Vic Lopez Auditorium, which was built for joint use by Whittier High School and the community, seats 2,500 and was built in 1940 as a Works Progress Administration (WPA) project. Its Art Moderne architecture stands out with clean lines and heavy Art Deco influence. The 4-manual, 26 rank Wurlitzer was originally built for Seattle's 5th Avenue Theatre in 1926. It was later installed at Cap’ns Galley Pizza & Pipes Restaurant in Redwood City, California. Originally built as a 4/18 Special, Wurlitzer Opus 1388 was inaugurated by Oliver Wallace, who later went on to become the longtime Music Director of Walt Disney Studios.
In 1967, Bill Breuer, a successful restaurateur from the San Francisco Bay Area, opened a Wurlitzer-equipped pizza restaurant in Santa Clara. The swift success of his new venture precipitated immediate plans for a second, larger location. Breuer made arrangements to purchase the 5th Avenue Wurlitzer as the main attraction for a new Redwood City location of Cap’ns Galley. After the restaurant eventually closed, Ken Crome and his crew from Crome Organ Company removed the organ from Cap’ns Galley and moved it to his shop in Los Angeles. It was David Harris who first suggested the possibility of installing a large Wurlitzer into the mammoth Vic Lopez Auditorium at Whittier High School. The organ was ultimately donated to the Whittier High School Alumni Association by former owner Maureen Howe.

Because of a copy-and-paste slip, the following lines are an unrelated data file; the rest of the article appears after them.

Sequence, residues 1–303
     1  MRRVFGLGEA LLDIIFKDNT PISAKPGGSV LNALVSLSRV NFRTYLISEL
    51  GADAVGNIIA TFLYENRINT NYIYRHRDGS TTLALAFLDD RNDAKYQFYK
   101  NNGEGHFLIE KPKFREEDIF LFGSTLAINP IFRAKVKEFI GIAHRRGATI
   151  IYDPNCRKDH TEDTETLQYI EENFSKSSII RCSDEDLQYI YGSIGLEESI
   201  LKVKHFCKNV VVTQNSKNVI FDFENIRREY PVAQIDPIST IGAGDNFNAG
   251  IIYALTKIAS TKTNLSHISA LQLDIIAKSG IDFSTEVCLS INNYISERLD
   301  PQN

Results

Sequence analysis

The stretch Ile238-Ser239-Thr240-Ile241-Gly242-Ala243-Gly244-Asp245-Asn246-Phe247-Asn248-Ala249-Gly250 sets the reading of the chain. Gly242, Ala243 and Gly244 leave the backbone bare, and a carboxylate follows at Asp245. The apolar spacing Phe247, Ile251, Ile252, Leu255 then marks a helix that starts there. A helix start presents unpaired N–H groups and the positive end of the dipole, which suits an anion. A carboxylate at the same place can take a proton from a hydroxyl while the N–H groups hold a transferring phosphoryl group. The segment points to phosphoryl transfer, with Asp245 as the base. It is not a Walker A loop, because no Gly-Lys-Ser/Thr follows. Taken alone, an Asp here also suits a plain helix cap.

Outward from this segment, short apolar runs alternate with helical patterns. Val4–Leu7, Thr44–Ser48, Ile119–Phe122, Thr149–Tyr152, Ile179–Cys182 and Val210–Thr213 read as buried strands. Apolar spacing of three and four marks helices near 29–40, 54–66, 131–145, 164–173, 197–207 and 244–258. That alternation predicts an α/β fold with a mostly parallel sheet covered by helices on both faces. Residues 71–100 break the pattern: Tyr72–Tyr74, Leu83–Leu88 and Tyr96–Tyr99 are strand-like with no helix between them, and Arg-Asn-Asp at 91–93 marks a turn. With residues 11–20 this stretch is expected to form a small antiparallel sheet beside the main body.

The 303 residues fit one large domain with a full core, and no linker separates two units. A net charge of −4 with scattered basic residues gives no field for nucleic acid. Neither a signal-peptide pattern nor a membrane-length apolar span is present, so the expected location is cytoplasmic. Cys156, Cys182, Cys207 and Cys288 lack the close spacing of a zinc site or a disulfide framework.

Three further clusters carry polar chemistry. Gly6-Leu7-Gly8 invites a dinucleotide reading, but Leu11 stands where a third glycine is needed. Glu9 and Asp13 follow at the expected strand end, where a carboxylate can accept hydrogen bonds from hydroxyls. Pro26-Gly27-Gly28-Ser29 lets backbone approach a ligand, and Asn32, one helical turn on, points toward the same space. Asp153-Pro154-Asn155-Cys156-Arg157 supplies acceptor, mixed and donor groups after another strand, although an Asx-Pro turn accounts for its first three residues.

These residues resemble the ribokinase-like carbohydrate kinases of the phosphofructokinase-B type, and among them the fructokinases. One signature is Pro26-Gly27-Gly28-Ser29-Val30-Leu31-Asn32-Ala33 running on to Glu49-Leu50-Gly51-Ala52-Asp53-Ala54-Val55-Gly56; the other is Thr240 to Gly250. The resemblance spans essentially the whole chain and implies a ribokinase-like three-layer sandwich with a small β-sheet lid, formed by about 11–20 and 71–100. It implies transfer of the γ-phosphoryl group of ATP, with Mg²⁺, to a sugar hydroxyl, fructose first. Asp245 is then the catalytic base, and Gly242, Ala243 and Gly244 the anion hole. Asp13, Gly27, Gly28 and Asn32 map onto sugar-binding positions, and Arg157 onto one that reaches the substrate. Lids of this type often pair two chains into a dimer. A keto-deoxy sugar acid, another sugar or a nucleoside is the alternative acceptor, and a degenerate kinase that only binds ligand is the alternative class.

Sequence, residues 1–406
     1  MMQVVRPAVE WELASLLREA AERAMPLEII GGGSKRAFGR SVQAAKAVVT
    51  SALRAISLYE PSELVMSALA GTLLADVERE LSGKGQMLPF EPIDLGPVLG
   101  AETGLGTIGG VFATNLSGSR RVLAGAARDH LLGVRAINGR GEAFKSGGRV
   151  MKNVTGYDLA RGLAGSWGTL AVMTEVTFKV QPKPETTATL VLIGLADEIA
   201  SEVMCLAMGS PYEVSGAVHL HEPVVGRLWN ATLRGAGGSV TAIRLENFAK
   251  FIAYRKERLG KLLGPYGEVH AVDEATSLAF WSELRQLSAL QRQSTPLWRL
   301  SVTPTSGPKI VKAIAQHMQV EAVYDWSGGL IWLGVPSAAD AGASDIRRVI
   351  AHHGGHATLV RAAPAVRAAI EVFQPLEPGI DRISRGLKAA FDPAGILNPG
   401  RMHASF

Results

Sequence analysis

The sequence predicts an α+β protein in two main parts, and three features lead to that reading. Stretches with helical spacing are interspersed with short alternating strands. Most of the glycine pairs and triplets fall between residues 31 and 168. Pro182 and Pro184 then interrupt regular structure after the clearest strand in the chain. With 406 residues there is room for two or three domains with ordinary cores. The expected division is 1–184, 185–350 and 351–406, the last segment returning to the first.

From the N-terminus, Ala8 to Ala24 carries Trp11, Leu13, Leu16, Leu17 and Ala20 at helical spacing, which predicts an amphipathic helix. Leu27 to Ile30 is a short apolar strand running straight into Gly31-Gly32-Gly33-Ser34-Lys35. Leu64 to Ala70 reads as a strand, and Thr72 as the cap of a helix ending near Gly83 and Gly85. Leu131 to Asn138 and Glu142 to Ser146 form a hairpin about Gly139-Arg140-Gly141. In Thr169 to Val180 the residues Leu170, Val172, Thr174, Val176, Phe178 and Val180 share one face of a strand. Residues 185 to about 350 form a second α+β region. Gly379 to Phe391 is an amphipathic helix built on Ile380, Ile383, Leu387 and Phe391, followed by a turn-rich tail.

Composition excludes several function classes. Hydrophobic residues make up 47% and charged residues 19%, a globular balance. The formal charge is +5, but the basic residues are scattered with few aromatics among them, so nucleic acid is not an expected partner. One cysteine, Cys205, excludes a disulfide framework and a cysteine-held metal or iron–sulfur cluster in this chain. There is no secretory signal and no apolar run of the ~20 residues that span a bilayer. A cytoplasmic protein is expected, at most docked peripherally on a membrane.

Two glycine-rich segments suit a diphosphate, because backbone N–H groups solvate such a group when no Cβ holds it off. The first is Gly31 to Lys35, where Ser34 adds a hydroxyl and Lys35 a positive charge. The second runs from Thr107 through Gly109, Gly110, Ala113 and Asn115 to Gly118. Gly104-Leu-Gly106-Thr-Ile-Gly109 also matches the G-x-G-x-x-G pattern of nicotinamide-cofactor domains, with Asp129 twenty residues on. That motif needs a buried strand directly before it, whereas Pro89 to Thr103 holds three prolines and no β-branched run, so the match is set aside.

Local attorney Joe Vinatieri did a complete and thorough rebuild of all mechanical components. He also made a few additions, including a Trivo Tuba Mirabilis donated by Bill Wood, to help crown the ensemble in the immense space. On the bass end, Crome added a Wurlitzer 16' Clarinet, Violone, Tuba Diaphone. David Harris donated a 16' English Horn extension. After completion of the installation, Ken Crome and Steve Hansen worked with Ken Kukuk from Los Angeles to complete tonal finishing of the instrument. Mark Herman donated additional Wurlitzer pipework to replace some off-brand additions from the pizza parlor days and Ken Crome donated additional percussions and parts to create a high-quality instrument from top to bottom.
Photos by Mark Herman. The text above was adapted from the 2018 ATOS Annual Convention Program booklet.